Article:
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Sunday, November 3, 2019

Christopher Columbus named the island after the day of the week on which he spotted it, a Sunday (dominica in Latin), 3 November 1493. In the hundred years after Columbus's landing, Dominica remained isolated, and even more Caribs settled there after being driven from surrounding islands as European powers entered the region. France formally ceded possession of Dominica to Great Britain in 1763. Great Britain then established a small colony on the island in 1805.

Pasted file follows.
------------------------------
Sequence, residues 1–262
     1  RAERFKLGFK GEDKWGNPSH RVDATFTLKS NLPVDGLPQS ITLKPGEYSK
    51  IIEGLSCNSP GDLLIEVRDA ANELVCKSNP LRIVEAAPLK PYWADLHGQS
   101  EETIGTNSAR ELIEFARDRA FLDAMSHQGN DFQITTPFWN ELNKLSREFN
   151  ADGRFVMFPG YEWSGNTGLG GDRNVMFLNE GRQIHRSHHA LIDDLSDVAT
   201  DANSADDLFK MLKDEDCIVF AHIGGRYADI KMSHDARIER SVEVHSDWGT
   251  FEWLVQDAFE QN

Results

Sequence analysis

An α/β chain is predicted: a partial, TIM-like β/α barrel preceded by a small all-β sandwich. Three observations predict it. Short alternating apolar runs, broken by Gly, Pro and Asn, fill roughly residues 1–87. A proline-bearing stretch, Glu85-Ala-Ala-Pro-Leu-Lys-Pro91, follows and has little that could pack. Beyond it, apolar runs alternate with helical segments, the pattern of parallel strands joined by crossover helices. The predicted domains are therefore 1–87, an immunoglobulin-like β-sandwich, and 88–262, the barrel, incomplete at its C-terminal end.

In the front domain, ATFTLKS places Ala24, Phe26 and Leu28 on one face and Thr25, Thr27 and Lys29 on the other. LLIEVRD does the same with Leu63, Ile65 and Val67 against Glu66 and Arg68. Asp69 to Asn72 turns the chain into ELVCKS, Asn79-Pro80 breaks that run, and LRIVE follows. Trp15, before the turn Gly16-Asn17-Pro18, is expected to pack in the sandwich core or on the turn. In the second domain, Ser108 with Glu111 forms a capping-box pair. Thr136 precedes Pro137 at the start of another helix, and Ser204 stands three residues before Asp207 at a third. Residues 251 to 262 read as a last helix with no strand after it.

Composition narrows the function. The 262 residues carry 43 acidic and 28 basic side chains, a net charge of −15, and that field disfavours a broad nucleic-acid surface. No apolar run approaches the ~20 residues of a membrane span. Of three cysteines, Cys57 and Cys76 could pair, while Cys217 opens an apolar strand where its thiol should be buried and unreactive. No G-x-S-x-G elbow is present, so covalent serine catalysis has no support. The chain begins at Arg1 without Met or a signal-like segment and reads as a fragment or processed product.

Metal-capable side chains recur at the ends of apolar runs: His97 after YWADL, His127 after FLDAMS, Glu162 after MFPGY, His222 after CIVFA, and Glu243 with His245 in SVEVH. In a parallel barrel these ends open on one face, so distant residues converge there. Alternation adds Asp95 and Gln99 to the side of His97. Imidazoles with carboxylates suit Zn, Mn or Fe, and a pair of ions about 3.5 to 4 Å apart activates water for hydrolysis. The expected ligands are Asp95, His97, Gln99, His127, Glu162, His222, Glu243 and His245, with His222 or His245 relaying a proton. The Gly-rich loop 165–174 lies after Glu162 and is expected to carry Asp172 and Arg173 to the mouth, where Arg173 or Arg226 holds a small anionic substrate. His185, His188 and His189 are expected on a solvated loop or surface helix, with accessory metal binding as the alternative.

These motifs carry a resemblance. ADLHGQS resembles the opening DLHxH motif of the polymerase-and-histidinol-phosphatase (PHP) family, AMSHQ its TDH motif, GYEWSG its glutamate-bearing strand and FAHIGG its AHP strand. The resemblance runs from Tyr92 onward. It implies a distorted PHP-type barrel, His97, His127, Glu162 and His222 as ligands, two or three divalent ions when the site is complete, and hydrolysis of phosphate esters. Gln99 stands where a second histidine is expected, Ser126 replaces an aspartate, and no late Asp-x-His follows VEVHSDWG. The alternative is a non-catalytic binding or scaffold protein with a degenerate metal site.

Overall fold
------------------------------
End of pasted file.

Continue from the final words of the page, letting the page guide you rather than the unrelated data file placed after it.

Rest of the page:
The emancipation of African slaves occurred throughout the British Empire in 1834, and, in 1838, Dominica became the first British Caribbean colony to have a legislature controlled by an African majority. In 1896, the United Kingdom reassumed governmental control of Dominica, turning it into a Crown colony. Half a century later, from 1958 to 1962, Dominica became a province of the short-lived West Indies Federation. On 3 November 1978, Dominica became an independent nation.On this day in 1978, Dominica gained independence from Britain as it became a member of the Commonwealth. It is celebrated as a national holiday for three days, including November 3.